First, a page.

Susan Marthens Real Estate
The Susan & Shelli Newsletter
Portland Metro Area Home Prices for October 2014 
In This Issue
October Highlights
Prices
Sales Price Change
Mortgages
Portland Mortgage Rates
Weather
Portland Property Taxes
Citizens Emergency Response TeM
Where Big Foot is Safe
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October/2014


The Moving to Portland monthly newsletter is taking on a new look. The Portland metro area housing activity for the month will be in an email (like this one) as this will make it easier for you to get a quick look at the housing prices, etc.

Since many of you enjoy the charts and graphs as well as the summary page of area prices and Average Sales Price Percent Change we will still offer it as a download. But it will be brief - just four pages.

You will note that my former assistant Shelli is now my partner. She has been so valuable that she should share equally in the Moving to Portland real estate business.
 
October 2014 Real Estate Highlights
Almost Everything Up Except Inventory

 

October brought an uptick in closings to the Portland metro area. These closed sales (2,487) showed a 13.6% increase over the 2,189 closings posted last October and a 4.6% increase over the 2,378 closings last September. It was the strongest October for closings in the Portland metro area since 2006 when there were 2,503. Pending sales (2,480) cooled 2.8% from September's 2,551 accepted offers, but were 16.7% stronger than the 2,125 offers accepted last October. New listings, at 2,881, similarly cooled 7.1% from September (3,102) but represented a 13.6% increase over last October (2,535). 

 

There are currently 6,963 active residential listings in the Portland metro area. Total market time rose in October to 65 days, and inventory decreased to 2.8 months. 

 

To view the charts and graphs along with a summary of area/community prices just click here.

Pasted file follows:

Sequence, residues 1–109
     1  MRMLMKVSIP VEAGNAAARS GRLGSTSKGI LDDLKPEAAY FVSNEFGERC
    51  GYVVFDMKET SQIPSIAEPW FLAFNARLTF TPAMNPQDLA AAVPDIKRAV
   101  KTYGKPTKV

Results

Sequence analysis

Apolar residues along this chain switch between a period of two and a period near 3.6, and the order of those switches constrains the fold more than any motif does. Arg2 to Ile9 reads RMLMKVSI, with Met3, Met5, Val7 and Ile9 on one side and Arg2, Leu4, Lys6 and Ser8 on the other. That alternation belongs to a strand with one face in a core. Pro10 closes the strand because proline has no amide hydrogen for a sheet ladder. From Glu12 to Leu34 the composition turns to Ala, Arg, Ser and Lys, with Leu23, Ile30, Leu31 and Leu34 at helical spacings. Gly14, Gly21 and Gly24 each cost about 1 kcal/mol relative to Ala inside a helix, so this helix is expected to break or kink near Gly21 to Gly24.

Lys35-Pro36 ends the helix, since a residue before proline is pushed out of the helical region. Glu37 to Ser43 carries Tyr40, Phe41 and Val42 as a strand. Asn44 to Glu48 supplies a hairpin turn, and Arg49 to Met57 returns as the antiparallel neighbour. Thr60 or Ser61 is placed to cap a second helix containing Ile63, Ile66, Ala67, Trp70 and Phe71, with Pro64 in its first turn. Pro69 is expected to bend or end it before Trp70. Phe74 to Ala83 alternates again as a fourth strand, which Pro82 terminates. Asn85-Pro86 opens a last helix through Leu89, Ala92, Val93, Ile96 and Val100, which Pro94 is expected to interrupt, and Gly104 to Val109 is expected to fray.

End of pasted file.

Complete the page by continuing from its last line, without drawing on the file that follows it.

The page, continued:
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Above based on information from the RMLS™ Market Action report for October 2014.
Average and Median Sales Prices 
October 2014: Median Sales Price $289,000

 

The average price the first ten months of the year was $333,200, up 7.4% from the same time frame in 2013 when the average was $310,200. In the same comparison, the median also rose 7.5% from $265,000 in the first ten months of 2013 to $285,000 in the same period of 2014.

Year-To-Date Summary

Activity in the Portland metro area has now surpassed numbers from last year. New listings (34,056) are up 4.9%, pending sales (24,671) are up 3.0%, and closed sales (23,301) are up 1.7% compared to the first ten months of 2013.
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Above based on information from the RMLS™ Market Action report for October 2014.
Sales Price Percent Change 
Average Sales Price % Change 7.8%

 

The Average Sale Price Percent Change is based on a comparison of the rolling average sale price for the last 12 months (11/1/2013 - 10/31/2014) with 12 months before (11/1/2012 - 10/31/2013).
  • Average Sale Price Percent Change: 7.8% ($330,100 v. $306,300)
  • Median Sale Price Percent Change: 9.3% ($284,100 v. $259,900)

Below are the sales price percent changes in October 2014 from their peak prices in 2007: 

  • Average Sale Price Percent Change from peak in August 2007: -8% ($335,600 v. $366,900)
  • Median Sale Price Percent Change from peak in July 2007: -4% ($289,000 v. $302,000).
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Above based on information from the RMLS™ Market Action report for October 2014.

Mortgages
30-Year Rate at 4.01%